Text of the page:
The first time I play a choir piece after not playing it for a few days (or sometimes the first time I sight-read the piece) I will play it better than I had before. Many times that is the best time I play it during my practice session. I think it may have something to do with more concentration on playing. Mentally (either consciously or unconsciously) you are aware that you have not played the piece in a while. Thus, you are more focused on the printed score and the mechanics of playing. After the first time through the piece, you remember some passages. You will recall even more when you work on the difficult passages. Thus, when you play it completely through again, you will be playing some "by memory," even though you are "reading" the score. There will probably be some "muscle memory" involved as well. Now, mentally your are aware that you are more familiar with the piece than the first time through. Thus, you are not concentrating as much and make a few more errors. Hopefully, over a few days of practice all (or at most all) of these errors will be eliminated.</p>

    Well, that's my take on the situation.</p>

    Later,</p>

    Allen</p>

    P.S. In my church (also Southern Baptist), I play all of the choir pieces on piano.</p>

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  • Mark Pratt
    replied
    Re: Not Playing for a Long Time

    I"ve had the same experience with the organ and other stuff I play. I don't recommend taking 23 years off (collectively) like I did. I could barely hold a chord and play a bass line when I stated again.

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  • jbird604
    replied
    Re: Not Playing for a Long Time



    Interesting. Thanks, guys.</P>


    Perhaps a week or two without practice would be something to do once in a while. Wouldn't want to count on keeping one's agility if NEVER practicing, though!</P>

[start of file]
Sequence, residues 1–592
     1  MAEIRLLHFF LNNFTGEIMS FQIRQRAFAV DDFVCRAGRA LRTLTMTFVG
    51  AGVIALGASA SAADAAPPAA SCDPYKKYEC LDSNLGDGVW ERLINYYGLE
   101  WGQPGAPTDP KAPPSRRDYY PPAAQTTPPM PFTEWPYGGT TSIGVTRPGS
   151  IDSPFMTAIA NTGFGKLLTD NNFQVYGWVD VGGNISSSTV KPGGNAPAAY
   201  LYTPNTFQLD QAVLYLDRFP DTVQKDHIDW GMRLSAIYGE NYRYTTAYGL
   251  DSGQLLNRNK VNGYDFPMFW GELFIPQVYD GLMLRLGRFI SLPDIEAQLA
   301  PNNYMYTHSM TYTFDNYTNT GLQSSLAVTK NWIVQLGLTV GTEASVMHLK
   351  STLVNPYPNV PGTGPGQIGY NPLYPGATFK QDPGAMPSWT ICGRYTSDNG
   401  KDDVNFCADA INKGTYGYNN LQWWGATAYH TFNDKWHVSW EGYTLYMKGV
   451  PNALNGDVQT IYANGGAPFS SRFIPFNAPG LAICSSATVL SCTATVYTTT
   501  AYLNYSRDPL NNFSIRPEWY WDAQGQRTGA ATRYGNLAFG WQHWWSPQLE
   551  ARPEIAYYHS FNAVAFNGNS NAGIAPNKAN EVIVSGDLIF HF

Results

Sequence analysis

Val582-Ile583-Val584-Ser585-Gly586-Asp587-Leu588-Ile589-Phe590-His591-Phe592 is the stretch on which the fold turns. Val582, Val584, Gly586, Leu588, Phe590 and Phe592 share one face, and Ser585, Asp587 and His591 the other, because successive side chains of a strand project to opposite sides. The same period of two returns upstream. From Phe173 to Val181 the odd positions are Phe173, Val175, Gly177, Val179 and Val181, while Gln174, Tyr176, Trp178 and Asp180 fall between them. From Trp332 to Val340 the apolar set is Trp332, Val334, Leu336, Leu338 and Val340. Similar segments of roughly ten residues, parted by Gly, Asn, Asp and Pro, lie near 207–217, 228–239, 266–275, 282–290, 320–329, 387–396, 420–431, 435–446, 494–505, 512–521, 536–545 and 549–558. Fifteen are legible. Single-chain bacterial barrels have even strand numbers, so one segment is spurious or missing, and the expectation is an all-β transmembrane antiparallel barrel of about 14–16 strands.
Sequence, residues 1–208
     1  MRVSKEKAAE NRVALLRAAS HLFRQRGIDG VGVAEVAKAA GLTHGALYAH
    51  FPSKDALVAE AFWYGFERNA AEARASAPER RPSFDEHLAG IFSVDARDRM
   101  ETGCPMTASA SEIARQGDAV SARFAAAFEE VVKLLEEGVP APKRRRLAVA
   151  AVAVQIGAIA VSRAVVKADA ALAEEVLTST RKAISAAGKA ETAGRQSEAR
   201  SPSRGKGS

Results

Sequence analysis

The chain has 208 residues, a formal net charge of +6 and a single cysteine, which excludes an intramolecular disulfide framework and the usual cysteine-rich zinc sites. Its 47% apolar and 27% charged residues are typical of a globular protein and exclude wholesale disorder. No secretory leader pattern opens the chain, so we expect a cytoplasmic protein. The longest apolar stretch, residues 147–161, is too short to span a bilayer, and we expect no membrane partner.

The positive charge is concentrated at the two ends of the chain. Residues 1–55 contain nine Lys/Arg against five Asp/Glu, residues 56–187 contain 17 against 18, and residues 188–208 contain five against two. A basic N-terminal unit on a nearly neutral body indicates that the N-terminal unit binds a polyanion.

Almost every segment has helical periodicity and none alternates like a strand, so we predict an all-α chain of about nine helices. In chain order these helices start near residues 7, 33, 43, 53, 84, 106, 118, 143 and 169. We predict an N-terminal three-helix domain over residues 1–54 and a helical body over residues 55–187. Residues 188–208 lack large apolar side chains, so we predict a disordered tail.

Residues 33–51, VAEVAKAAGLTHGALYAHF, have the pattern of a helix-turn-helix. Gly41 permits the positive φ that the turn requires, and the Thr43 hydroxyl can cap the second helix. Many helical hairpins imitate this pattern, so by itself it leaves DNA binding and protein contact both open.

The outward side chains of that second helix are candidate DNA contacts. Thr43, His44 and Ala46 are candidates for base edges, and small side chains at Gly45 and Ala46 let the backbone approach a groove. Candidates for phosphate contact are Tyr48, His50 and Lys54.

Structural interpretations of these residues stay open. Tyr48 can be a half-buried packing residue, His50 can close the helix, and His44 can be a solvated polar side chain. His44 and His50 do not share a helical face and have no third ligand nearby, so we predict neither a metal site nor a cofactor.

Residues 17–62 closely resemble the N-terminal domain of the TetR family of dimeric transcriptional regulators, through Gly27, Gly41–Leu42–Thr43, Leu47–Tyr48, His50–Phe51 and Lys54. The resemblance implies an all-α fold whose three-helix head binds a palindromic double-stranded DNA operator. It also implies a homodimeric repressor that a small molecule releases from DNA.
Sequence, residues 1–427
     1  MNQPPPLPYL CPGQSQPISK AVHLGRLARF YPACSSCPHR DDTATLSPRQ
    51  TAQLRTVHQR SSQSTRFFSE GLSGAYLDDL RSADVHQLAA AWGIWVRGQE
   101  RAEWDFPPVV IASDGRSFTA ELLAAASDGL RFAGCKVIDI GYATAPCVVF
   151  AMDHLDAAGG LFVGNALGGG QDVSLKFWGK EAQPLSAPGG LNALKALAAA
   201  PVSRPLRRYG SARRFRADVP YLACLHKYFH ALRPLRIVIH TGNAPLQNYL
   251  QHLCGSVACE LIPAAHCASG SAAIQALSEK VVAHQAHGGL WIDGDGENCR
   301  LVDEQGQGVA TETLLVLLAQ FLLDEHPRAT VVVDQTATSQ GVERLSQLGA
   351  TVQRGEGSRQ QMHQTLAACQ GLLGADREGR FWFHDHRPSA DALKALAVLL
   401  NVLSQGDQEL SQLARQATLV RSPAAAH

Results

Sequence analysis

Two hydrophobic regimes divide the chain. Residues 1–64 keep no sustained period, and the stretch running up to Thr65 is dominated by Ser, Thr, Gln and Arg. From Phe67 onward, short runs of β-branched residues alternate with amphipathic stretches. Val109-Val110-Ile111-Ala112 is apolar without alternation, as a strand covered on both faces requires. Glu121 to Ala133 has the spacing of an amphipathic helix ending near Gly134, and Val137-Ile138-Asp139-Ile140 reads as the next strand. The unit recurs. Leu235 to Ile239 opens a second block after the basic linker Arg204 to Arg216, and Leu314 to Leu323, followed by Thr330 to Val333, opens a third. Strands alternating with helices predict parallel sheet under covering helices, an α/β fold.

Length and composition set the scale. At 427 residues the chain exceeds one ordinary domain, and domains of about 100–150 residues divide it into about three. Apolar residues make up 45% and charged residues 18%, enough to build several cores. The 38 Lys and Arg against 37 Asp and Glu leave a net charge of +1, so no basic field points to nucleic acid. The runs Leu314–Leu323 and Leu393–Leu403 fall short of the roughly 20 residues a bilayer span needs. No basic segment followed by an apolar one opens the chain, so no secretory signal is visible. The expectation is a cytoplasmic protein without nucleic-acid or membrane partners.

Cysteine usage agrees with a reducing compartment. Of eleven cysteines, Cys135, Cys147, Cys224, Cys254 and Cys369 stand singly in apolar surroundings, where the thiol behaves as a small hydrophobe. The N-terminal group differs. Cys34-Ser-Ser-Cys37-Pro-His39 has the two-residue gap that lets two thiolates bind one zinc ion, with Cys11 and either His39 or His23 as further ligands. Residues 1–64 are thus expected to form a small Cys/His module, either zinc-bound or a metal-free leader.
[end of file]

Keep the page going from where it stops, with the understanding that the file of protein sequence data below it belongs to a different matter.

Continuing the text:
I'm guessing that the relaxation and de-stressing has a lot to do with it. Not only was I away from the organ, but away from work and household chores too.</P>


    John</P>
    <P mce_keep="true"></P>

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  • telemanr
    replied
    Re: Not Playing for a Long Time



    I experience this as well.</P>


    I too believe it is the brain consolidating information.</P>

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  • Havoc
    replied
    Re: Not Playing for a Long Time

    You're in a different mindset, more relaxed and at the same time more concentrated. You don't have the immediate reference to what/how you played yesterday making you at ease. At the same time you really want it to be very good to prove you didn't lost something during your break. So you are highly concentrated. Because you don't have the burden of daily life but fresh holiday memories this goes better then during the year.

    Sometimes leaving a piece that isn't working and getting on your nerves for a few weeks can really help because of the same reasons.

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  • Menschenstimme
    replied
    Re: Not Playing for a Long Time



    Yes, I too have experienced this phenomenon. My guess is that the break gives your brain an opportunity to gel and sort itself out.</P>


    Whatever works . . .</P>

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  • jbird604
    started a topic Not Playing for a Long Time

    Not Playing for a Long Time



    Just got back from vacation and did not touch an organ console the whole time(except for sitting on the bench at Trinity Wall Street in NYC-- wish I could report that I got to play it, but did not. Just sat there and took some photos. Saw several other historic churches and organs, but did not play anywhere.)</P>


    The last service I played was on June 1. I don't think I even so much as turned on my practice organ the week following, and we left town on Friday the 6th. Probably worked on an organ or two that week, but my associateMatt is the one who sits down and checks them out when we're done. </P>


    We got back last weekend but had a minor emergency at home and wound up not going to church, so tomorrow morning it will have been 3 whole weeks since I played. I did pick out the hymns earlier in the week and played through them on the practice organ.</P>


    I was quite surprised that I seemed to play better than usual! In fact, I was reading hymns, even a couple that we don't sing very often, and playing them perfectly on the first try. Could it be that taking a two or three week holiday away from the organ has actually improved my playing? Or am I just experiencing beginner's luck? Wonder if any of you ever take such a break and how you find yourself playing when you come back to it?</P>


    John</P>
    <P mce_keep="true"></P>